For example, a tagline focused on communicating that a particular agent is a very aggressive negotiator might turn off people who fear or are timid around negotiations. But it will also appeal highly to people who are looking for a shrewd negotiator. The more targeted your marketing and your tagline, the more directly you can find the type of clients you are looking for.
I noticed in my business that I tended to work the best with (and enjoyed working with the most) people who were in stressful situations. They were people who needed to sell quickly due to a job change, loss of a loved one, or some other big event in their lives. They were also people who were very emotional and nervous about buying a home... first-time home buyers, widows, and people on a tight income. My tagline, "Your Peace of Mind REALTOR" targeted these people directly. What they were looking for most of all was somebody they trusted, and that they felt could handle a stressful part of their lives for them. They were in a place in their lives where, above all, they needed some peace of mind. And I was wired to serve these people the best. I am sure there were some clients who did not connect at all with my tagline... people who were not at all intimidated about real estate sales, or who were not buying or selling due to a stressful situation. I imagine my tagline may have given these people the impression that I was not the right agent for them. And I may not have been. But it absolutely sent a powerful message to those clients I targeted it towards, and they responded in big way.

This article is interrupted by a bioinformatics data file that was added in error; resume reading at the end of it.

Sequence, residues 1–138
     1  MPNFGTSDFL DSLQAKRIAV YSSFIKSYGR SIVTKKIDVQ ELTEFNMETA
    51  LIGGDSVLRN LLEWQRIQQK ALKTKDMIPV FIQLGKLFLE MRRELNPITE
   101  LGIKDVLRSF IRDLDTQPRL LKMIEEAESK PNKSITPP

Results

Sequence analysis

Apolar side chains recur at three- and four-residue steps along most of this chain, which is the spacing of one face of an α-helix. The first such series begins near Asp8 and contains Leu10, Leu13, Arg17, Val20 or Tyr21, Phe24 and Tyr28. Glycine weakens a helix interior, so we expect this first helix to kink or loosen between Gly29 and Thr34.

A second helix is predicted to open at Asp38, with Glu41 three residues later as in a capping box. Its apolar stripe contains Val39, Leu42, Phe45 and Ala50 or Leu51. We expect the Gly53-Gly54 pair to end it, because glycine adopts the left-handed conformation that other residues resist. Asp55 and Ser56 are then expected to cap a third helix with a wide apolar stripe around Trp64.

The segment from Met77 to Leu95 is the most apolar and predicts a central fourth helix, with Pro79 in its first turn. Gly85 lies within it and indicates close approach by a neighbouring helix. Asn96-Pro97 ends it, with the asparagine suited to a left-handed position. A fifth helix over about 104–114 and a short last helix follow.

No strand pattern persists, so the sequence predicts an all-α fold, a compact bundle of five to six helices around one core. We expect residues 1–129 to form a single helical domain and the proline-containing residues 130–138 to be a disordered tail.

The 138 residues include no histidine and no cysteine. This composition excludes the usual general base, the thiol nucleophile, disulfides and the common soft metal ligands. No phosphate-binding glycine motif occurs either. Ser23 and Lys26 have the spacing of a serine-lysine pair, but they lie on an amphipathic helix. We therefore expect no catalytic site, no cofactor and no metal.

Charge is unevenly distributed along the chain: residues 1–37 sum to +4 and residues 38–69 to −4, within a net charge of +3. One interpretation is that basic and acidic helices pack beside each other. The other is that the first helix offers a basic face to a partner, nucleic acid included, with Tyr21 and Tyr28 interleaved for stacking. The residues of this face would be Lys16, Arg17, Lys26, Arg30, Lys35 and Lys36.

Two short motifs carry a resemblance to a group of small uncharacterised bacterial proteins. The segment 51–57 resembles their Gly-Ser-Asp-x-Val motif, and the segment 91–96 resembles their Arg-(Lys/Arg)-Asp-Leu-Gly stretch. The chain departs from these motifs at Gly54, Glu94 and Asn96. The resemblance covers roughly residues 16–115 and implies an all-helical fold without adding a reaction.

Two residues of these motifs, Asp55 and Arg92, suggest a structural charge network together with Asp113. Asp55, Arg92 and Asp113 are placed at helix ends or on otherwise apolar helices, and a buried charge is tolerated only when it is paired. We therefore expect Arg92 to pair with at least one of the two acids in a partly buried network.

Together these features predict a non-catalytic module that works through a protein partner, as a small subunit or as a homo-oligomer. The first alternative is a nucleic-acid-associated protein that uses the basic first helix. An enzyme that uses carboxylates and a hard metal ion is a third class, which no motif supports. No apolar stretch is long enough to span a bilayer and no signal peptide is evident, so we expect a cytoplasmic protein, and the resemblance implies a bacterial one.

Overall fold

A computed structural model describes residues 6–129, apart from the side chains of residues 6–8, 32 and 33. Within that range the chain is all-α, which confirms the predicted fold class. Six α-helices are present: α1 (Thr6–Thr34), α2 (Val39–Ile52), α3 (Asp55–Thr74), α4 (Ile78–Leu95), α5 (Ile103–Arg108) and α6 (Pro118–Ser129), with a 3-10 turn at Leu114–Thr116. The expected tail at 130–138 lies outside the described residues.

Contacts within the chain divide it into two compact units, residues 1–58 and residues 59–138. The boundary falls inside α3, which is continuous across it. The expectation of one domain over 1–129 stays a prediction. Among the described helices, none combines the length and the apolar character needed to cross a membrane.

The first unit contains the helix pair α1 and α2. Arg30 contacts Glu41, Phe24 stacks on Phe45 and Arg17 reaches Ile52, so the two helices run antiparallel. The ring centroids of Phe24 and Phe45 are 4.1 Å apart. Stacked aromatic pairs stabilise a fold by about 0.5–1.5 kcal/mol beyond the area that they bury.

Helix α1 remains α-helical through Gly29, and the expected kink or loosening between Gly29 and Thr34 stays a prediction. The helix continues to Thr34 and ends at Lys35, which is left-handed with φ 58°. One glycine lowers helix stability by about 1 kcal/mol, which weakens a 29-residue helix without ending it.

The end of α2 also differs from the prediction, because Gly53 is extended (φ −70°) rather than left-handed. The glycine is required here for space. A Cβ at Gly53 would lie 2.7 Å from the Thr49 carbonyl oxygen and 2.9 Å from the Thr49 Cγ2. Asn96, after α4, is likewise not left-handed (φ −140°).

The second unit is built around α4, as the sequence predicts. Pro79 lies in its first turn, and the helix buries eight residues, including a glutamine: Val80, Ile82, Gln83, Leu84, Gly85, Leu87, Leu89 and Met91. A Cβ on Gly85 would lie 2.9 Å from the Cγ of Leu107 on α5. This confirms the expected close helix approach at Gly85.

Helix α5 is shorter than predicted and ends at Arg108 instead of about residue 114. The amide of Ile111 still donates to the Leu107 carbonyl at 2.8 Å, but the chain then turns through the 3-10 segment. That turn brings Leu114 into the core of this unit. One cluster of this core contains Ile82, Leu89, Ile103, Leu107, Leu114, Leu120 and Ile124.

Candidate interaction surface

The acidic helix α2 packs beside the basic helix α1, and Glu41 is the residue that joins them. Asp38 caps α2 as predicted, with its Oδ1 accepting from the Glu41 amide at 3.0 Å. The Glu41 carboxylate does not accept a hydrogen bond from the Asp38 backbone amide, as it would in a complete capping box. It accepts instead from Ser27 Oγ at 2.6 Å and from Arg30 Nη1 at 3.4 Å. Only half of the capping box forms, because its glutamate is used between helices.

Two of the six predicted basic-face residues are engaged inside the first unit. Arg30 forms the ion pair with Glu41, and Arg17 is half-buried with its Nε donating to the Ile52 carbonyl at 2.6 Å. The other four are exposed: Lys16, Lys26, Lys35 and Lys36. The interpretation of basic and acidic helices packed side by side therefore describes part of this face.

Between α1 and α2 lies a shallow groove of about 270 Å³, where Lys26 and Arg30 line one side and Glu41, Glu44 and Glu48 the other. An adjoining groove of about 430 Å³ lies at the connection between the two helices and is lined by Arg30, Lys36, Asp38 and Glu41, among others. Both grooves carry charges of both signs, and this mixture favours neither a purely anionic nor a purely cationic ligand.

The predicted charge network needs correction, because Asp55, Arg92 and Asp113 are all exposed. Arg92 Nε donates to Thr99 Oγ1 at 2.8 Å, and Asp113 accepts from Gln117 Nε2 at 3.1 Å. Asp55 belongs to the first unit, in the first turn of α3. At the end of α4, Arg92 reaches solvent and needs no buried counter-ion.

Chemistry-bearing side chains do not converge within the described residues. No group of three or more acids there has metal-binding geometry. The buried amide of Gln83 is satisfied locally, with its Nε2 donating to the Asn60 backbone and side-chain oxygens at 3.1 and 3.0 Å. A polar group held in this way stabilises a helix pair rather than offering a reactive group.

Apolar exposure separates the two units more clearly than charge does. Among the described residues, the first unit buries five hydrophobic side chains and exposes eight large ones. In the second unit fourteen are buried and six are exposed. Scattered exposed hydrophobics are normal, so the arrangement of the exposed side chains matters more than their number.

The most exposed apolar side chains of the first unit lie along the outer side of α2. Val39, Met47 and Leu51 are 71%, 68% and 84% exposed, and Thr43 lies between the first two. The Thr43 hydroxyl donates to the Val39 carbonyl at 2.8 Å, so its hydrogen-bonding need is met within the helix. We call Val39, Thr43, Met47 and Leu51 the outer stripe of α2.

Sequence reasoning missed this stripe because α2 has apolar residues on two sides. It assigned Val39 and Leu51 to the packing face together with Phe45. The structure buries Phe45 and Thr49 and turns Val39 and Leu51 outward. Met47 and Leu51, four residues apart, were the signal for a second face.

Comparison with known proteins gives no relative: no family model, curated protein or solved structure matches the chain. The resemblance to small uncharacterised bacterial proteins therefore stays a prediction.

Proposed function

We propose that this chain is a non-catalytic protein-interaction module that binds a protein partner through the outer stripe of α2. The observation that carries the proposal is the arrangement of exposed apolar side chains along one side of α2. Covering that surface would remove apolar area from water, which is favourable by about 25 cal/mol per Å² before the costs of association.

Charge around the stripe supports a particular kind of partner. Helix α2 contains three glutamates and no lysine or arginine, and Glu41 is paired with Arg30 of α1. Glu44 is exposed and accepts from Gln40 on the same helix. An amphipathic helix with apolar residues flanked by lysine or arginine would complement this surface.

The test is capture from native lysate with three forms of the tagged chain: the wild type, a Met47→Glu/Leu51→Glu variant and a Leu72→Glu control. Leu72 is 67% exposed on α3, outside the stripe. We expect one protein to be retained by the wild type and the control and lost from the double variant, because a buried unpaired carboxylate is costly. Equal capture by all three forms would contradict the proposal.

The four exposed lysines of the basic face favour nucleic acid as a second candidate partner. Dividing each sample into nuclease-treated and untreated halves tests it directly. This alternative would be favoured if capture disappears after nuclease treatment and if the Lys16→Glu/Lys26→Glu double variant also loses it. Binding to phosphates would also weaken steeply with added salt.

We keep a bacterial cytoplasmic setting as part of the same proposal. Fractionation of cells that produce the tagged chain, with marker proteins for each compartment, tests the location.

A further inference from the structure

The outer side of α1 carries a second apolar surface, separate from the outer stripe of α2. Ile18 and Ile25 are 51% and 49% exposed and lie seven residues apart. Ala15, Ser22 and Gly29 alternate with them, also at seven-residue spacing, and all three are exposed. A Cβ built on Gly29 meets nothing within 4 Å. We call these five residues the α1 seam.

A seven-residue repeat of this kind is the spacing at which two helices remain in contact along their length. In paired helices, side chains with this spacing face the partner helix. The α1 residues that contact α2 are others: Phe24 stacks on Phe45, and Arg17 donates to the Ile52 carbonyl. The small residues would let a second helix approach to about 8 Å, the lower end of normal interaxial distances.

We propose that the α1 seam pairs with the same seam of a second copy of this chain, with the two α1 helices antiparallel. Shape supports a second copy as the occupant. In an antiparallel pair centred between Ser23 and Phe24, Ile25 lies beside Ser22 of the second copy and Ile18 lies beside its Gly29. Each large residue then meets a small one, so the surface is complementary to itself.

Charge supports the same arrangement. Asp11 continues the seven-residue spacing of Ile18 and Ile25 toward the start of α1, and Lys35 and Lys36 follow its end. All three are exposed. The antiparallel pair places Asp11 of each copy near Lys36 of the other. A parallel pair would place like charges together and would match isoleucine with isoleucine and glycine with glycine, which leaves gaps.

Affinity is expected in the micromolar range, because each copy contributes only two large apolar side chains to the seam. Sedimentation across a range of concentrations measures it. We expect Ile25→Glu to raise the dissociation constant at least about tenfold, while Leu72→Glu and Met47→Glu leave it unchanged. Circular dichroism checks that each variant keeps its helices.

When you find the merging point of what you have to offer with what your clients are needing, you have found a powerful place to do business. Your tagline is all about communicating that match to your potential clients. Do not fall in love with a tagline too quickly. We often think our first crack at it is just what we need. But take some time and think it through. Like in all marketing, it is something you will need to commit to and use consistently. Change your tagline too much and you will begin to send the message that you do not know what you are or what you really do. In fact, it is best to come up with two or three taglines that you feel might work and test them a little. Talk with your very best customers, some of the more creative agents in your office, and even try asking some perfect strangers what their opinion is (the internet is a great place to do this, by the way). What message do they get from your tagline, regardless of the message you were trying to send? Once you have narrowed it down to a few, do a little internet research. Type your tagline, enclosed in quotes, into your favorite search engine and hit search. You will almost certainly find other agents in the world who are using that same tag line. That does not mean you cannot use it, but make sure nobody close to you is using and, more importantly, make sure it is not overused. If you find that many agents are using the tagline, that is a red flag that you are not being specific enough yet. Once you have decided on your tag line, use it everywhere. Just like a website address needs to be on every advertising piece that you create, so does your tagline. You want it used so often that, when people think of your name, they think of your tagline right along with it. Be prepared to take some good-natured ribbing from other agents as you launch your new tagline. Anything new and creative will be met initially with opposition, especially if the opposition thinks your techniques just might work! Remember, your goal is to separate yourself from the competition. Do not be surprised when that competition attempts to undermine your efforts and confidence.